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Date: 22 July 2017
Liver disease research focus of BBC show
Story posted/last updated: 01 August 2013
World class research by QEHB doctors into a lethal and increasingly common form of liver disease is to be the subject of a BBC Radio 4 programme.
The Trust, working closely with the University of Birmingham, is one of the world’s leading centres for researching and treating liver disease.
BBC presenter Dr Mark Porter met liver consultants Dr Gideon Hirschfield and Dr Philip Newsome, as well as pathologist Prof Stefan Hubscher, for the Inside Health programme.
He was given an insight into the specific difficulties of detecting non-alcoholic fatty liver disease (NAFLD), which is estimated to affect one in five adults in the UK and four in five of adults who are obese. If untreated it can lead to liver scarring and death.
The programme examines the nature of NAFLD, including the symptoms, effects and treatments.
Dr Porter visited QEHB itself and the Liver BRU, a dedicated liver research facility located on the hospital site. The BRU is funded by the National Institute for Health Research (NIHR).
Patients are normally seen at the hospital for their regular clinics, with specialist research activity carried out at the BRU or the Wellcome Trust Clinical Research Facility, which is also on the hospital site and funded by NIHR.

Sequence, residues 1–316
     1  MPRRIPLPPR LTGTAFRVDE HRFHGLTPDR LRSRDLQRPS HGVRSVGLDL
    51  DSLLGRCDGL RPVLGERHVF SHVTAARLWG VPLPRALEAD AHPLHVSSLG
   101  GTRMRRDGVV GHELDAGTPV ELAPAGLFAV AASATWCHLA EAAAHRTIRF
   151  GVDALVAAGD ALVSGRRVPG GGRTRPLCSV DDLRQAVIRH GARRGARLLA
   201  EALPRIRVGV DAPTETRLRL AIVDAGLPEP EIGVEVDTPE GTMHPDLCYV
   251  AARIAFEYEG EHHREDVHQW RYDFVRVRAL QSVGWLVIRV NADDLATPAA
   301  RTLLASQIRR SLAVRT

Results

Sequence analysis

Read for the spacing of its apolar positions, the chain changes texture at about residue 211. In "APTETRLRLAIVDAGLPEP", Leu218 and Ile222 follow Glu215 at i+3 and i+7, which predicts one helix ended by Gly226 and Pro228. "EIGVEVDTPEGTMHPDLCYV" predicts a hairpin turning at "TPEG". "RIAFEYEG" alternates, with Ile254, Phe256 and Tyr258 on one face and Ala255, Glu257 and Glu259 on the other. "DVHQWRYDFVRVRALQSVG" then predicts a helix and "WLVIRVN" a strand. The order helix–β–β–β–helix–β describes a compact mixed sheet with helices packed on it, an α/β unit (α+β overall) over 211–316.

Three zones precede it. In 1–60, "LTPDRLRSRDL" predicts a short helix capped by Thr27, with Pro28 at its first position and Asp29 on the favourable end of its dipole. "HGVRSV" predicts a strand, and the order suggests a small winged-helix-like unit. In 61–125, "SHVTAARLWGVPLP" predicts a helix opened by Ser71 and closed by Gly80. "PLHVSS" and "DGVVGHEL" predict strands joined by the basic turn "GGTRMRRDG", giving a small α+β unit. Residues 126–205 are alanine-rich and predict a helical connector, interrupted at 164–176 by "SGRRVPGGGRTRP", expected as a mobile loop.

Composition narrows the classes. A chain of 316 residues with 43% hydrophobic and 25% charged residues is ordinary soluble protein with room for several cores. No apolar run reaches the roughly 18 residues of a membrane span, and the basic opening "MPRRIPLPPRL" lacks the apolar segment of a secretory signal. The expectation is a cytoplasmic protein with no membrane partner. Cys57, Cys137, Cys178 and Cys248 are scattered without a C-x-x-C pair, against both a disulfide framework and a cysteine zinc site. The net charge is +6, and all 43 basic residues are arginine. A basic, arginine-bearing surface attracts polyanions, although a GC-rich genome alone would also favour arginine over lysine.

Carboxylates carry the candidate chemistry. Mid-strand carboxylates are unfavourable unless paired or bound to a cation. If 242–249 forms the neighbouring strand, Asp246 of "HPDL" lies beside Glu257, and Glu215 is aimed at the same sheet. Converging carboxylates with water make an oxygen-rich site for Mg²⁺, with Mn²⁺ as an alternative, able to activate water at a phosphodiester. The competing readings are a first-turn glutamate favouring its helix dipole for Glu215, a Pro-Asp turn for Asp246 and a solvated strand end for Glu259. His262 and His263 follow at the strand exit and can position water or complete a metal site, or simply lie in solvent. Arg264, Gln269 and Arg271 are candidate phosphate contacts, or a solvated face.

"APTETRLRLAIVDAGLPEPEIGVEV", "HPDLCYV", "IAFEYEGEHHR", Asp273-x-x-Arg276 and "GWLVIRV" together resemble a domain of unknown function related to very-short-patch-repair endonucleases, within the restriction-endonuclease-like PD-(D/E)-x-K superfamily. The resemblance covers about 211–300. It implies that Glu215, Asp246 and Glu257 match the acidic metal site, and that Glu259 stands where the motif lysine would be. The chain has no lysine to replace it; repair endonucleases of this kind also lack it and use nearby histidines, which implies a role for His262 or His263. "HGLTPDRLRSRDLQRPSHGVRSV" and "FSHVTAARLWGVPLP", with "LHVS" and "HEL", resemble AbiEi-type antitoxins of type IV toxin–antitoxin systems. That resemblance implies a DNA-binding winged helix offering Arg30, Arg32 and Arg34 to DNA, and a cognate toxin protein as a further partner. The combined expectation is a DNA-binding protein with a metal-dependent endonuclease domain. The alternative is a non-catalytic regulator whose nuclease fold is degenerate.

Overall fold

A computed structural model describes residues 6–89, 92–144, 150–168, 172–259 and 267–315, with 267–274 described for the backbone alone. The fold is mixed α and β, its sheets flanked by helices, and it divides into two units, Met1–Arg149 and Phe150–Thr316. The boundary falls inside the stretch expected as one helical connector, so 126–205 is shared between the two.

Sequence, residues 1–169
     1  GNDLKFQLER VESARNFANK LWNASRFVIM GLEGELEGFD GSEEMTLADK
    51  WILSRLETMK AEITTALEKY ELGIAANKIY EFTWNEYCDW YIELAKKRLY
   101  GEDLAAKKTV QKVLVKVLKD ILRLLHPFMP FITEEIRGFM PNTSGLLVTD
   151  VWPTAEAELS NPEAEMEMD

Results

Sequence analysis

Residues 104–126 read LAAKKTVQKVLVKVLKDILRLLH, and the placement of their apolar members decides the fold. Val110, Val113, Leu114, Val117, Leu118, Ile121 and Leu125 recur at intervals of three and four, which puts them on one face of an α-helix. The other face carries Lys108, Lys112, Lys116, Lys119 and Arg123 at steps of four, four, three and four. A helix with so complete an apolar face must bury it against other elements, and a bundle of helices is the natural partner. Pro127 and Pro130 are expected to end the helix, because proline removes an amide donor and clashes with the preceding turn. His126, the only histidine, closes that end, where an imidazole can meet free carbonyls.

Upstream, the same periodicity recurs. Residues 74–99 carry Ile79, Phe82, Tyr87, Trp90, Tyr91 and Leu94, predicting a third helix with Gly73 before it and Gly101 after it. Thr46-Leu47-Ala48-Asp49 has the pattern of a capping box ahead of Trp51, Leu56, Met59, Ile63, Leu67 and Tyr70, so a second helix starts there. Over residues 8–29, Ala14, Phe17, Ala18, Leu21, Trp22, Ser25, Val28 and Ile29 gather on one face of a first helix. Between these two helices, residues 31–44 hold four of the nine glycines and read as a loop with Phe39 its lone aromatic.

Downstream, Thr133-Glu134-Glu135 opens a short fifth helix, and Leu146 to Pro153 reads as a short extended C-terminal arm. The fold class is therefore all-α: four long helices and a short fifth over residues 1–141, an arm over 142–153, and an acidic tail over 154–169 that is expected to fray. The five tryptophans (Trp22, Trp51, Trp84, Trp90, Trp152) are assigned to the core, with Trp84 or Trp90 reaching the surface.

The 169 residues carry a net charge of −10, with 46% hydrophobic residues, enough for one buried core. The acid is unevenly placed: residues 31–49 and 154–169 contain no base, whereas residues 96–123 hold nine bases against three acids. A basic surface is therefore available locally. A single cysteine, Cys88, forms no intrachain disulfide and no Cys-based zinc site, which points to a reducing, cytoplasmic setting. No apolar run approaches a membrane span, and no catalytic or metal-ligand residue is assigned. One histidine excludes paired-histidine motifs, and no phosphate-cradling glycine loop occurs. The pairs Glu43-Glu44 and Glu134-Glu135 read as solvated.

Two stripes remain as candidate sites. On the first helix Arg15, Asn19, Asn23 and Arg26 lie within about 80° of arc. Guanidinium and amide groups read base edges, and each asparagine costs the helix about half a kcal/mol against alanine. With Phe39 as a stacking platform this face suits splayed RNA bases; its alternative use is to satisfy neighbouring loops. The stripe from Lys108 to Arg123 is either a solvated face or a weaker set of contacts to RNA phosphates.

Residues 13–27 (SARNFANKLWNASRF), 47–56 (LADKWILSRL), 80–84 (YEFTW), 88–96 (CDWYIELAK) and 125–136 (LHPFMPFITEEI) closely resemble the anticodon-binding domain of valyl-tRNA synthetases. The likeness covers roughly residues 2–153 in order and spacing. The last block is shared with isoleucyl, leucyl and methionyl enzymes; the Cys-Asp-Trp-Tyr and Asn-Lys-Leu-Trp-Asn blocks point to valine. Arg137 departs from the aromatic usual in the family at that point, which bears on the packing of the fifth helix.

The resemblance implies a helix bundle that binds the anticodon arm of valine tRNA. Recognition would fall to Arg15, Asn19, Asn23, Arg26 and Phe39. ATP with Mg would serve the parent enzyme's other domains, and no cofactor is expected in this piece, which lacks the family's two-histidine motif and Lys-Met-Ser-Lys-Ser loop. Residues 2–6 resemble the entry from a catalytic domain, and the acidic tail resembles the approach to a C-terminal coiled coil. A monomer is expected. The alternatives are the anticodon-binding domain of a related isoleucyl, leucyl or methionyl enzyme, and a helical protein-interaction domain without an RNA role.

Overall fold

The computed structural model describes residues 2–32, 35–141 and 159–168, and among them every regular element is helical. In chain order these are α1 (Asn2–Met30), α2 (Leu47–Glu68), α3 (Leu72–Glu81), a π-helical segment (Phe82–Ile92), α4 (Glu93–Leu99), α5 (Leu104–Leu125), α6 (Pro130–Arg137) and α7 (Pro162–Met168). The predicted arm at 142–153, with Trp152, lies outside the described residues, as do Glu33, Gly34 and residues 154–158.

Among the ground-breaking work underway is the world’s largest randomised trial of stem cell treatment in patients with liver cirrhosis, led by Dr Newsome.
“We’re leading the country on this particular research and we couldn’t do that without the Wellcome Trust CRF and the BRU,” says Dr Newsome.
Professor David Mutimer is also leading work on new treatments for hepatitis, and Professor Richard Lilford has recently improved our understanding of testing for liver disease. Other work at the BRU is looking at how the immune system can sometimes attack the liver, while researchers are also examining the use of biomarkers to diagnose liver disease and liver cancer.
QEHB is run by University Hospitals Birmingham NHS Foundation Trust (UHB), which has formed the Birmingham Health Partners (BHP) with the University of Birmingham to co-ordinate this type of complex research activity.
UHB Chief Executive Julie Moore said the recognition of the Birmingham team was well deserved.
“We have worked extremely hard to establish Birmingham as a centre of excellence for treating patients with liver conditions. The BRU is an example of how Birmingham Health Partners is producing world-class research to improve patient care.
“I’m delighted the BBC are looking at the work done on non-alcoholic fatty liver disease, because it is a condition which is affecting more and more people, and we’re proud of the cutting-edge work of our researchers.
“We also recognise the value of the support from the NIHR, without which this sort of work simply could not happen.”
The Inside Health programme is due to be broadcast on BBC Radio 4 on July 31 at 21:00 and repeated the following day.
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